Serious accidents and human factors: breaking the chain of events leading to an accident : lessons learned from the aviation industry
American Institute of Aeronautics and Astronautics, Jun 30, 2005 - Reference - 288 pages
There is growing concern globally over issues of aviation safety. Awareness of previous failures and their causes is one of the most important factors in determining risks and hazards in any new operational systems. This requires experience of accidents and failures across a broad spectrum of complex systems.
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Presence of accident warning signs in all incidents
Preaccident situations experienced by pilots
Imminent danger experienced by air traffic controllers
7 other sections not shown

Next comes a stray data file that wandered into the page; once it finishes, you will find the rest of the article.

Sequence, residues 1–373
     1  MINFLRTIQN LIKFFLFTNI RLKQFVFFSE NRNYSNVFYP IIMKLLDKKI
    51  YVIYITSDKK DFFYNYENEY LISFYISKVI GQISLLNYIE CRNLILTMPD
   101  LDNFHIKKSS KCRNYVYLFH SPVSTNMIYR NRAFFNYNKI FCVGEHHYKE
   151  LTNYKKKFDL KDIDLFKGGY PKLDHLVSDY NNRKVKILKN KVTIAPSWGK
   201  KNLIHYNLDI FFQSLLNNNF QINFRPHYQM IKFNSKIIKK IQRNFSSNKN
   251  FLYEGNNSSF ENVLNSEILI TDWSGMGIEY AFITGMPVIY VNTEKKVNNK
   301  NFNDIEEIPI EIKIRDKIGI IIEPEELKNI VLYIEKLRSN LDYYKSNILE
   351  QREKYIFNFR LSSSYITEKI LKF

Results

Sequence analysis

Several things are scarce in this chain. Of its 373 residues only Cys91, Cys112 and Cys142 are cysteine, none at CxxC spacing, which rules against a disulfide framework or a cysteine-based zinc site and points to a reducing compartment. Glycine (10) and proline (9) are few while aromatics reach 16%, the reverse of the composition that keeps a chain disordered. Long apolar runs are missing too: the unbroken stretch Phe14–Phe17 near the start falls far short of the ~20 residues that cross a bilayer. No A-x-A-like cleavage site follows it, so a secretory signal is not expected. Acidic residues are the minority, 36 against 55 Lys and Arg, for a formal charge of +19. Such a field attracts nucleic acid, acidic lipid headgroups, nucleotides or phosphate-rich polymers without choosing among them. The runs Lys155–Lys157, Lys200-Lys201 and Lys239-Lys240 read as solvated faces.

Accident Investigation Commission action or instruction Air Law air traffic controller aircraft Aircraft Accident Investigation aircraft maintenance airline companies Airlines flight airspace altitude analysis Asahi Shimbun automatic control background factors Boeing captain cause Chernobyl clearance climb rate cockpit collision commercial airliners copilot crashed crew members decision phase degree of danger delay error mode example Excessive focus factor group fairly little flight rules flying Forgot fuel human factors incident information incident reports information receiving phase instrument flight rules insufficient International Airport involved IRAS Japan Airlines Japan Research Institute Japanese Jiko KLM plane Koukuu landing latent danger factors lnformation Ministry of Transport Naha Airport NTSB occurred operation passengers persons pilot prevent problem quantification method radio reason for recovery reporting system response runway serious situation snow speed take-off taxiway Tenerife accident Tenerife Airport thrust reverser Tokyo Tokyo International Airport Transport Japan unsafe events visual weather conditions wind shear